What to Expect Before, During, and After Kyphoplasty

Vertebral compression fractures are a common result of weakening bones. Age, along with medical conditions, such as osteoporosis, can cause your bones to lose mass and get brittle over time. The bones in your spine, called vertebrae, are no exception to the dangers of bone loss.

Compression fractures develop when the bones in your spine get weak and break. Small fractures might not cause pain at first, but they can lead to increased spinal deterioration, restricted mobility, and significant pain. 

Severe vertebral compression fractures can make standing or sitting for long periods of time painful. They can also make moving and walking painful. If left untreated long enough, compression fractures can cause permanent spinal deformity and nerve damage.

Louis J. Raso, MD, PA, who practices in Jupiter, Florida, is an expert at diagnosing and treating vertebral compression fractures. He regularly performs kyphoplasty procedures and other treatments to lessen pain and restore spinal function. Read on to find out what happens before, during, and after kyphoplasty. 

What happens before kyphoplasty?

If you come to our office for back pain, Dr. Raso will examine your spine to determine what’s causing your pain. He’ll assess your range of motion and discuss your symptoms with you. 

Vertebral compression fractures can have similar symptoms to other back conditions, so he will likely order X-rays or an MRI to help confirm your diagnosis. In some cases, he may perform a bone density test and take blood work. 

Dr. Raso will also evaluate your spine to locate the fracture and identify how severe it is. If you have a serious, painful compression fracture that has developed in the last few months, he may recommend kyphoplasty. 

What happens during kyphoplasty?

When you come in for kyphoplasty, our team will prepare you for surgery. You’ll lay on your stomach during the procedure, and we’ll administer local or general anesthesia so you won’t feel any pain.

Once the anesthesia takes effect, Dr. Raso will make a small incision along your spine to reach your fractured vertebrae. With live X-ray imaging to guide him, he’ll use a needle to inject a small balloon into the vertebrae and carefully inflate it to restore the damaged vertebrae to its original height.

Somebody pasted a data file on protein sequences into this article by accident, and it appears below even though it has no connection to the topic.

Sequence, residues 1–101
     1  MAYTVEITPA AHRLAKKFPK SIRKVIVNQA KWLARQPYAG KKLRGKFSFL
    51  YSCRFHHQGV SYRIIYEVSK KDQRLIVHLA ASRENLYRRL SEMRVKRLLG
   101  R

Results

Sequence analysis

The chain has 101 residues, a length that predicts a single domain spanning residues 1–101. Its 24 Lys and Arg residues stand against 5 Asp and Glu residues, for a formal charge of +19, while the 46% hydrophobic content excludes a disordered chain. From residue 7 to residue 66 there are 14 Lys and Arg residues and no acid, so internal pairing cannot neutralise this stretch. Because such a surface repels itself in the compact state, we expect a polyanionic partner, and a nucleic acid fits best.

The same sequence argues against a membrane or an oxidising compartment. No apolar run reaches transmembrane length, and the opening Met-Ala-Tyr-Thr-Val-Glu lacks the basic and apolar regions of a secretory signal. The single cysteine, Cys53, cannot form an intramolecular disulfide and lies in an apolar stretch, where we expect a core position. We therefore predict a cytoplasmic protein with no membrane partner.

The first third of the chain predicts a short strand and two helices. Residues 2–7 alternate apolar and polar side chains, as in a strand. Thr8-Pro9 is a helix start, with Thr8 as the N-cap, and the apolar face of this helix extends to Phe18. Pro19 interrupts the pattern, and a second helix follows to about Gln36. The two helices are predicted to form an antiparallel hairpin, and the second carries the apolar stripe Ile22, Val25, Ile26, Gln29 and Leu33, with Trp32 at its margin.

Adding height with a balloon will increase space in your spinal canal and help prevent spinal deformity. Dr. Raso will then fill the space by injecting special bone cement to stabilize your spine. The cement will harden quickly, and Dr. Raso will conclude your surgery. If you’re getting only one vertebra treated, the procedure should take less than one hour.

What happens after kyphoplasty?

Immediately following your kyphoplasty, you’ll be moved to a recovery room for the anesthesia to wear off. Most kyphoplasties are done in an outpatient setting, which means you’ll go home the same day.

It’s not unusual to feel some soreness in your back where Dr. Raso accessed your spine, but this should fade in a few days. Many patients notice that they have significantly less back pain immediately following the procedure than they did before surgery.

Be sure to follow Dr. Raso’s recommendations for recovery, including any follow-up appointments. You should also avoid strenuous activity to allow your spine time to heal.

If you’re suffering from back pain, it’s time to do something about it. Book an appointment online or over the phone with the office of Louis J. Raso, MD, PA today.

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